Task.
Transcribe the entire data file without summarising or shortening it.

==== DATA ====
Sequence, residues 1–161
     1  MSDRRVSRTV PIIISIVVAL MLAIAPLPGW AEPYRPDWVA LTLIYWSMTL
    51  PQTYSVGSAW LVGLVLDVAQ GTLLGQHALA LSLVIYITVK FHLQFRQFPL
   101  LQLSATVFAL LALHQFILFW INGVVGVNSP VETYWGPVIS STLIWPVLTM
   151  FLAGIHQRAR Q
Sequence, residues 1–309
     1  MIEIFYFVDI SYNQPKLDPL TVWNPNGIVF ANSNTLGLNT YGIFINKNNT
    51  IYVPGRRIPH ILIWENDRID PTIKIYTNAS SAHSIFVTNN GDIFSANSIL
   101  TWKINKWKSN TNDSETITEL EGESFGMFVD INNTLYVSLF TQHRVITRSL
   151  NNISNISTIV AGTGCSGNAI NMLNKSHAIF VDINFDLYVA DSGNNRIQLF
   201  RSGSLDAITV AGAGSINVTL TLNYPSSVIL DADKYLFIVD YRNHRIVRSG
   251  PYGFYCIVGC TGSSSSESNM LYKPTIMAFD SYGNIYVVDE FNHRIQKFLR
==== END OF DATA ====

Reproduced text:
Sequence, residues 1–161
     1  MSDRRVSRTV PIIISIVVAL MLAIAPLPGW AEPYRPDWVA LTLIYWSMTL
    51  PQTYSVGSAW LVGLVLDVAQ GTLLGQHALA LSLVIYITVK FHLQFRQFPL
   101  LQLSATVFAL LALHQFILFW INGVVGVNSP VETYWGPVIS STLIWPVLTM
   151  FLAGIHQRAR Q
Sequence, residues 1–309
     1  MIEIFYFVDI SYNQPKLDPL TVWNPNGIVF ANSNTLGLNT YGIFINKNNT
    51  IYVPGRRIPH ILIWENDRID PTIKIYTNAS SAHSIFVTNN GDIFSANSIL
   101  TWKINKWKSN TNDSETITEL EGESFGMFVD INNTLYVSLF TQHRVITRSL
   151  NNISNISTIV AGTGCSGNAI NMLNKSHAIF VDINFDLYVA DSGNNRIQLF
   201  RSGSLDAITV AGAGSINVTL TLNYPSSVIL DADKYLFIVD YRNHRIVRSG
   251  PYGFYCIVGC TGSSSSESNM LYKPTIMAFD SYGNIYVVDE FNHRIQKFLR